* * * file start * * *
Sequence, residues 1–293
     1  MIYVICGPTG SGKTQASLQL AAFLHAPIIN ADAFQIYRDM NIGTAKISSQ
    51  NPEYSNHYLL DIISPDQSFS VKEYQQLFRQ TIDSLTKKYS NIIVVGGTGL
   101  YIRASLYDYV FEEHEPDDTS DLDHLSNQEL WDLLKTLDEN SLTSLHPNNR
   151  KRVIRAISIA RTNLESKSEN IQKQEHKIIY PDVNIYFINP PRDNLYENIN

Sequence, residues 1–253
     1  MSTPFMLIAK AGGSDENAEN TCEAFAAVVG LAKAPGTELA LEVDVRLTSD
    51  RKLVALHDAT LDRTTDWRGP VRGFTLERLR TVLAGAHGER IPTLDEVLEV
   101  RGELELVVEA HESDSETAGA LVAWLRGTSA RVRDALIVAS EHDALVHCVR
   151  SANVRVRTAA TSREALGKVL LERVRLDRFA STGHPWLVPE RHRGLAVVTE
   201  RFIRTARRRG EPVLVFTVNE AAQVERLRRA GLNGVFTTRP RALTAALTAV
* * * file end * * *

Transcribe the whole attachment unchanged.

Sequence, residues 1–293
     1  MIYVICGPTG SGKTQASLQL AAFLHAPIIN ADAFQIYRDM NIGTAKISSQ
    51  NPEYSNHYLL DIISPDQSFS VKEYQQLFRQ TIDSLTKKYS NIIVVGGTGL
   101  YIRASLYDYV FEEHEPDDTS DLDHLSNQEL WDLLKTLDEN SLTSLHPNNR
   151  KRVIRAISIA RTNLESKSEN IQKQEHKIIY PDVNIYFINP PRDNLYENIN

Sequence, residues 1–253
     1  MSTPFMLIAK AGGSDENAEN TCEAFAAVVG LAKAPGTELA LEVDVRLTSD
    51  RKLVALHDAT LDRTTDWRGP VRGFTLERLR TVLAGAHGER IPTLDEVLEV
   101  RGELELVVEA HESDSETAGA LVAWLRGTSA RVRDALIVAS EHDALVHCVR
   151  SANVRVRTAA TSREALGKVL LERVRLDRFA STGHPWLVPE RHRGLAVVTE
   201  RFIRTARRRG EPVLVFTVNE AAQVERLRRA GLNGVFTTRP RALTAALTAV